CKBlog: The Market

Thursday, March 26, 2020

Three Million Jobs Lost

by Steve Haberstroh, Partner

(Written around noon E.D.T.)

At 8:30 am this morning, the Labor Department announced that 3,280,000 people filed for initial jobless claims last week. Let that sink in. Three million people have already lost their jobs because of the shutdowns sweeping across the US and the rest of the globe. We knew it would be bad, but I saw no credible analysts expecting it would be this bad.

Within minutes, a client messaged me. “3.28 million. Let’s see what the market does.”

My response was, “I think what is more important is—what has the market done.”

As I type this, the S&P 500 Index is up 3% to 4%. More than three million people lost their job last week! How on earth is this possible?

I thought I’d take a moment to address this as I believe it is an instructive moment.

The market is a forward-looking mechanism. Millions of investors every second are placing their “bets” about the future. Minute to minute, day by day, the market may be very wrong. But over time it does a good job of pricing in the future prospects of the global economy and the ability of companies to earn profits in the future.

Today’s market action isn’t about the past, it’s about what we expect for next month, next year and the next decade. Most focus on today—but investing is about tomorrow.

Earlier this year, far before even the brightest minds were concerned about the virus’ impact on the markets, stocks began to sell off. Most of us couldn’t make sense of the severity of the sell-off. But by dropping 35% in less than 30 trading days, the market was signaling, “This is bad. This is very bad. Our economy will effectively shut down. Millions of Americans will lose their jobs ... ” It dropped before the bad news was confirmed.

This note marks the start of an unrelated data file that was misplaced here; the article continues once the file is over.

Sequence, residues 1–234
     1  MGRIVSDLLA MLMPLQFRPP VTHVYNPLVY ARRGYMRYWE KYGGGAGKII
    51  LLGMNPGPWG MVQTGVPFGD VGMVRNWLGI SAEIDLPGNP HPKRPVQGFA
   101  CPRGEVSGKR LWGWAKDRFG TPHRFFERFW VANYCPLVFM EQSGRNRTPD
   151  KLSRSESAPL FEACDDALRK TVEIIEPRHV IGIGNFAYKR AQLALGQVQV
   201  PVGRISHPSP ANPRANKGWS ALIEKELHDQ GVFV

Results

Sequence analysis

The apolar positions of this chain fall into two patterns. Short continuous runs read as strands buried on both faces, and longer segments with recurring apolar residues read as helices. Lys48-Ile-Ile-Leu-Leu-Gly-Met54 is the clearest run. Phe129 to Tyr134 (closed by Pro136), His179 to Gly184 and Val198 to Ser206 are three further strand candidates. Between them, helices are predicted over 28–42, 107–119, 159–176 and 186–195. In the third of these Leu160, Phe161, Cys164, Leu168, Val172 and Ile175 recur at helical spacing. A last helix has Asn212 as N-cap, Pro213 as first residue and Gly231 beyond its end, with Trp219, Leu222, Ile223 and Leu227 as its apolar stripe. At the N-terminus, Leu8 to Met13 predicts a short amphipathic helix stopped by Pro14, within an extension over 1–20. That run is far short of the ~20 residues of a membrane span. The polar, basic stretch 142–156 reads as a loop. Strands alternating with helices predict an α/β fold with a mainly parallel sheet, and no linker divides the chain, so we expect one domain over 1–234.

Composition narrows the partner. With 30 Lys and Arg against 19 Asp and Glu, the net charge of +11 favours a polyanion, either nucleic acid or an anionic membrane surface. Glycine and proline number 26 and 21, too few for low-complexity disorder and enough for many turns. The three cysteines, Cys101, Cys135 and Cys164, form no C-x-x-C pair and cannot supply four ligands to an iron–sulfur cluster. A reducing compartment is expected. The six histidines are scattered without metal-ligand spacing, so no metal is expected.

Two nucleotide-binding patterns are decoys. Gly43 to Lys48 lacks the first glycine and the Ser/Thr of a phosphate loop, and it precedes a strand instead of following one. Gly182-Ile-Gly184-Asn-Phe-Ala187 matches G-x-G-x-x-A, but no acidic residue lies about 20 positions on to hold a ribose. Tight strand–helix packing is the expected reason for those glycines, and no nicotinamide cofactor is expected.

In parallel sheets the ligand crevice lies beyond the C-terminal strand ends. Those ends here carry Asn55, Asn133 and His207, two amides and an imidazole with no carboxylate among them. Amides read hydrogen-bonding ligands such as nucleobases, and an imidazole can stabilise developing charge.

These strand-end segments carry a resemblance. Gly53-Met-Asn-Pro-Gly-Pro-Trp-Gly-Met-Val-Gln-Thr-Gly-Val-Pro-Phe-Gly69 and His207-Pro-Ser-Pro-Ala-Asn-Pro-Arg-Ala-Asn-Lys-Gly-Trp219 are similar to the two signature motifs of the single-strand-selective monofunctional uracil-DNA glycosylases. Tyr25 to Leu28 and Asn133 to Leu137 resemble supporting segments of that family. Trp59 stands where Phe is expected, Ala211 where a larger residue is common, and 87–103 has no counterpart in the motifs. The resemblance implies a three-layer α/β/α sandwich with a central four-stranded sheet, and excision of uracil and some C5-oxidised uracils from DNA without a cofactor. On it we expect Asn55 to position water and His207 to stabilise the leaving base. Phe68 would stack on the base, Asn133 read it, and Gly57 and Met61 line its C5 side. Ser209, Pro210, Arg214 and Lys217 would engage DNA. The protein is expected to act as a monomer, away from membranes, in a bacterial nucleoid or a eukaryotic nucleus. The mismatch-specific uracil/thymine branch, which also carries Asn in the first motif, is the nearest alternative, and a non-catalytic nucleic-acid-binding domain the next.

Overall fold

So why is the market up today (so far)?

I don’t know. You don’t know. The smart people on TV don’t know. But the market is signaling that its expectations for our future is brighter today than it was yesterday (for now). Maybe it’s the Senate passing the “rescue” bill. Maybe it’s that Italy’s reported growth in deaths is slowing. Maybe it’s because people are starting to plan to get back to work. But we won’t know until we know. Once it’s known, it’s in the past.

Just like we couldn’t make sense of the sell-off, we won’t be able to make sense of the recovery in real time. Then at some point, while we marvel at how many jobs our economy added Mr. Market will have already moved on.

I will leave you with an excerpt from Warren Buffett’s 2015 essay titled “Mr. Market:”

Following Ben’s teachings, Charlie and I let our marketable equities tell us by the operating results—not by their daily, or even yearly, price quotations—whether our investments are successful. The market may ignore business success for a while, but eventually will confirm it. As Ben said: “In the short run, the market is a voting machine but in the long run it is a weighing machine.” The speed at which business’s success is recognized, furthermore, is not that important as a long as the company’s intrinsic value is increasing at a satisfactory rate. In fact, delayed recognition can be an advantage: It may give us the chance to buy more of a good thing at a bargain price.